Review: Blue Jay

Although the film has been described as being in the vein of Before Sunrise, or that the twist in the film affects the proceedings, to these critiques of Blue Jay, we say, “no way”!

Director Alex Lehmann’s charming little film is very much its own entity, and yet so much of it relates to writer and star Mark Duplass’s increasing milieu about the mindset of the enlightened liberal American male. As such, Blue Jay, which has opened theatrically in New York and Los Angeles and is now available on VOD, is the sort of film that will receive an audience at festivals, (it debuted at TIFF), but deserves to be watched and enjoyed from start to finish.

The film is a meditation on the past versus the present. Lovingly shot in black and white, Duplass plays Jim and Sarah Paulson is Amanda, about whom very little is known. They meet cute in a grocery store in a tiny California town, (the scenery is as much a character in the film as the two leads), and they proceed to spend the day and night together, clearly still deeply in love with each other, (or perhaps with what they once felt). The film at one point seems like a take on Certified Copy, though its simplicity certainly works to its advantage. This is seemingly a film from another time, though its pervading feeling of modernity almost separates it from many American independent films. At its essence, it’s a slow, talky, almost stage play-like experience and this sort of film is woefully neglected in a hyper modern landscape in which indies are often frenetic and soundtrack-driven and bereft of silent reflection.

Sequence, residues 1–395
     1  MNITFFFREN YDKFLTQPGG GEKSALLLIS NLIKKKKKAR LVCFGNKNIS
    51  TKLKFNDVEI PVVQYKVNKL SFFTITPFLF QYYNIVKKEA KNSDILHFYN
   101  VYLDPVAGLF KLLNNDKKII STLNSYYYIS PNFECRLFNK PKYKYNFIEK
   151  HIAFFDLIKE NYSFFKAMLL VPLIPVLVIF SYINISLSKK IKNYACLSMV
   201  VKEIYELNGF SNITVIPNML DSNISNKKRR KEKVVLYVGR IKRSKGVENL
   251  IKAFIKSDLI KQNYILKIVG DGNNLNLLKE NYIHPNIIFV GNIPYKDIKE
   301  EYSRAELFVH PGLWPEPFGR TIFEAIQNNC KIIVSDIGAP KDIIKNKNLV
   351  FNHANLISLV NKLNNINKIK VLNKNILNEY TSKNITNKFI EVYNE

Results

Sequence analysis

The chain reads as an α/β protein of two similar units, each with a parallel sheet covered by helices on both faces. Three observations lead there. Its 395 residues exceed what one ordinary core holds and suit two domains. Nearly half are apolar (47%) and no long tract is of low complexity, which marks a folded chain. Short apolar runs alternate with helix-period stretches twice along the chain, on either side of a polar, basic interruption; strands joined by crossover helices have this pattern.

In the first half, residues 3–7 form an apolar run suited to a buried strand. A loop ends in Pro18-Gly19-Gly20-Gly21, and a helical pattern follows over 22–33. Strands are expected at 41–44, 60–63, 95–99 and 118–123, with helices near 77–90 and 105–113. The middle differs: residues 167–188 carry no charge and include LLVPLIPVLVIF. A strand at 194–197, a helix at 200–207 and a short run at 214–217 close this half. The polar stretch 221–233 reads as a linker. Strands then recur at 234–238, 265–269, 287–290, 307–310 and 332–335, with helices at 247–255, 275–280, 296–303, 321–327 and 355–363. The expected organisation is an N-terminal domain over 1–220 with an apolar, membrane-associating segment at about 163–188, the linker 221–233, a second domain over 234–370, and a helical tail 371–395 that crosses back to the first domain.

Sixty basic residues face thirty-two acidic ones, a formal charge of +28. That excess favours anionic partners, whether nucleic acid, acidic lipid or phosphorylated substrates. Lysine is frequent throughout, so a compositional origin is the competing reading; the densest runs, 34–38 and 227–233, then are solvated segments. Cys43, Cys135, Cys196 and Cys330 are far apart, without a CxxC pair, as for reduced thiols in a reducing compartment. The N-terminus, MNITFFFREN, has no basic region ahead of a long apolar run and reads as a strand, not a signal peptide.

One aspect of Blue Jay which should not be taken for granted is the performances of Paulson, who is predictably stellar, but also that of Duplass, who walks the fine balance of making his character not so much the hero protagonist, but possibly the flawed antagonist, in that he has feelings and emotions. This feature makes for a change of pace in that it’s entirely strange to see a male character that is free to be non hyper-masculine. In Blue Jay, the neat trick is that the gender roles are seemingly reversed and the film is a subtle take on masculine paradigms, (which is a crucial subject, especially at this time).

The problem with Blue Jay is that this approach isn’t going to work for many of its potential audience members. So rather than letting the film get unseen, make sure to engage, to actively watch, and not search for clues. Let this Blue Jay sing and be listened to.

Charles Trapunski is a tutor and writer based out of Toronto. He spends much of his time editing the works of others, so he finds it refreshing to author his own ideas. He believes that Back to the Future is the Platonic Ideal of a Hollywood film.

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